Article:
This past week I was at a training class sponsored by Lawyer Title. They identified and shared with us the newest scam to be aware of. Sellers having a “dirty” Release of Lien. The release has been filed with the recorder’s office, so when the title company goes to provide clear title, there are no mortgage notes attached to the property. (Those have been released)

The scam is: the release if fraudulent. The seller still owes. The seller continues to make their payments, so no one is aware and once the home closes they walk away with all the proceeds from the sale of the home. Then they stop making payments and the house starts to foreclose.

When a call is made to the previous mortgage lender, the fraudulent actions are exposed. If this is detected by the title company prior to closing, the buyer is out of luck. They will get their earnest deposit back, but they won’t be getting the house. If it is not detected and the house closes, the title company is in for a big payment to the sellers bank as they guarantee clear title to the buyer.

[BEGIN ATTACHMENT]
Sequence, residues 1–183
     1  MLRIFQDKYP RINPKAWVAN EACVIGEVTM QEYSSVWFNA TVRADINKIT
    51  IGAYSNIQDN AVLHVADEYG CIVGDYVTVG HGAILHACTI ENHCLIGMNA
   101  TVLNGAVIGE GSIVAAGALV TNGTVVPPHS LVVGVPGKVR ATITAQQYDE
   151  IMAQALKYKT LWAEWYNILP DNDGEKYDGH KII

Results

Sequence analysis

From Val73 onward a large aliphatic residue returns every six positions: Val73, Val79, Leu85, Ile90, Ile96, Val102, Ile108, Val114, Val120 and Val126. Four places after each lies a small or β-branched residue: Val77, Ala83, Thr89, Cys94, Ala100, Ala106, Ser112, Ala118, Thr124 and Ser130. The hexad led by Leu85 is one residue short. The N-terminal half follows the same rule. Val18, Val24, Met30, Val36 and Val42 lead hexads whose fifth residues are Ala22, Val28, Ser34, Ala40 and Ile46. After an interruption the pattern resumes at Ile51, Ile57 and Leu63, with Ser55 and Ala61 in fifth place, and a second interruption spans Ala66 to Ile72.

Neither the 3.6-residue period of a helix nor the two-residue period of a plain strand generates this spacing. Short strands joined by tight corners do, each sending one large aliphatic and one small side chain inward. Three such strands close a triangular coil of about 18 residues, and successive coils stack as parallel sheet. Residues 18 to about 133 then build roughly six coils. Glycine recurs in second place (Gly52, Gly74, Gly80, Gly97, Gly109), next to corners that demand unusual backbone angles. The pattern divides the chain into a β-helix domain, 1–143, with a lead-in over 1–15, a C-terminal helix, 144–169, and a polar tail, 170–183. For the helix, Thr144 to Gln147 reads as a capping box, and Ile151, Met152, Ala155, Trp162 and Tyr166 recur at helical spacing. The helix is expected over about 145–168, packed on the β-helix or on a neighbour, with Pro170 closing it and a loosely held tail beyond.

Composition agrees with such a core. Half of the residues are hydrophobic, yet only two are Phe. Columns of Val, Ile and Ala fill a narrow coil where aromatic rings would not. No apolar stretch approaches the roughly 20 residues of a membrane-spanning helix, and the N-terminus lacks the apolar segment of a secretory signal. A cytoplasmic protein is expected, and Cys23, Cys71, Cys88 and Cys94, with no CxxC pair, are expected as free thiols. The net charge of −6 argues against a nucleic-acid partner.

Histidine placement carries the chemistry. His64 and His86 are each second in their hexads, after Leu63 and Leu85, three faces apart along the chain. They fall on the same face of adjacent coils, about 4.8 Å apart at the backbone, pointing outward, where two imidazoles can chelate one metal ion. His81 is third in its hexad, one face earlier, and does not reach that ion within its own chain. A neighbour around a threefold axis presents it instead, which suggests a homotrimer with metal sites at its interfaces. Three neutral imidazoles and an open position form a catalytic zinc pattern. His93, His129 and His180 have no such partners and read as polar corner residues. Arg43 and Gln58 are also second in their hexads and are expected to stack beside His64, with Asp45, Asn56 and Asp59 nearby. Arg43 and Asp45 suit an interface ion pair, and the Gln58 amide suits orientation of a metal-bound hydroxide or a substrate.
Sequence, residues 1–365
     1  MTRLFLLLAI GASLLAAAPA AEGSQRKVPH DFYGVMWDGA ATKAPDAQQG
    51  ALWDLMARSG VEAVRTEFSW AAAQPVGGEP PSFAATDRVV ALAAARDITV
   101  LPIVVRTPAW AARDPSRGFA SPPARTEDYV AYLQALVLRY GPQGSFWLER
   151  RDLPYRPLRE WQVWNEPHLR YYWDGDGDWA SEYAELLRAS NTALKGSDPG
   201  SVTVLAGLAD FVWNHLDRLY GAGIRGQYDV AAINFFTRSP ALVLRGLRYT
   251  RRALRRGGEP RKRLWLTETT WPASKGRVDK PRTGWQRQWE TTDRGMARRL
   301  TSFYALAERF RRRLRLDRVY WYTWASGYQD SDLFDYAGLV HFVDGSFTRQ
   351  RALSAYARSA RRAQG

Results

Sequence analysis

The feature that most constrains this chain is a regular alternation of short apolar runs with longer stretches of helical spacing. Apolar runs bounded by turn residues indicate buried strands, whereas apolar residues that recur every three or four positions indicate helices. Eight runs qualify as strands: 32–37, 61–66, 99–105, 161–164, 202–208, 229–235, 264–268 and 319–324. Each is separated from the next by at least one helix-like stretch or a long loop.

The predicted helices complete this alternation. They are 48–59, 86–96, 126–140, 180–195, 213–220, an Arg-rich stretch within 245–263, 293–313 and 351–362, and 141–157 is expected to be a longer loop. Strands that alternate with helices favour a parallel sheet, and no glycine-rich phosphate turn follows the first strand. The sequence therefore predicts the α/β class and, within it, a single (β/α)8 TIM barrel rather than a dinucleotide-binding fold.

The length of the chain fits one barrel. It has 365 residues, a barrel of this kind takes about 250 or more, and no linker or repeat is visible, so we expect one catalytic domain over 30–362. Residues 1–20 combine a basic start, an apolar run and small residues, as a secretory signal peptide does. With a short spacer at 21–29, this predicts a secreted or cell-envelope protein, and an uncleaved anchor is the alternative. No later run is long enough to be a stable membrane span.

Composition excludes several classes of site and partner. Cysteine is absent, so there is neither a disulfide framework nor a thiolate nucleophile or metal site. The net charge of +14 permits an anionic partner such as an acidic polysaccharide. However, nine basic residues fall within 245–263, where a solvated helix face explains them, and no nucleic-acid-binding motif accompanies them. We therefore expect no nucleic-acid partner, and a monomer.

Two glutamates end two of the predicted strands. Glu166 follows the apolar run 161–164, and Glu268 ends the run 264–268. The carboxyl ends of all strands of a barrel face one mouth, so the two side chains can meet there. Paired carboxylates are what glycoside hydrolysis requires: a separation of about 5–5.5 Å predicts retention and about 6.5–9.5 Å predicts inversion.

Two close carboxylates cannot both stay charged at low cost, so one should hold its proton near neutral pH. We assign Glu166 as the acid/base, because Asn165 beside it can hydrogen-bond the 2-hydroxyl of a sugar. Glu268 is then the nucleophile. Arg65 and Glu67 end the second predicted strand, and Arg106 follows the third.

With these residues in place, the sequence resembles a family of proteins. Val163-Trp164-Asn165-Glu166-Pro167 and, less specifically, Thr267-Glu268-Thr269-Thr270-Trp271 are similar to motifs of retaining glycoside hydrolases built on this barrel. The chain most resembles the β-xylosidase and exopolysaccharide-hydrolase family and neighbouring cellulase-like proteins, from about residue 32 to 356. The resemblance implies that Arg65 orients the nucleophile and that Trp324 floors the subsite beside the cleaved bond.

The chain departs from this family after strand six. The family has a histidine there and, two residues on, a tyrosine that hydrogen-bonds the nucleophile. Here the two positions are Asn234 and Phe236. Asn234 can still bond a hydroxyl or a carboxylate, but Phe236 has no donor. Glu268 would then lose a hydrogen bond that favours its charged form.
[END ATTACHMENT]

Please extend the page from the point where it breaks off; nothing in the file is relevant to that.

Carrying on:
So if a seller recently paid off their mortgage, and has the ‘paperwork’ to prove it. Be aware. Things may not be as they seem.

Home Owners Associations – some not doing so great

Recently, at a continuing education class, the instructor shared some facts about HOA’s. There are currently around 11,500 Home Owners Associations (I am not sure if that is in the state, or in the county I didn’t write that tidbit down) and of those HOA’s 3000 of them are upside down financially.

I was surprised to learn that as little as 15% of properties going into foreclosure in an HOA can cause financial stress to the balance sheet.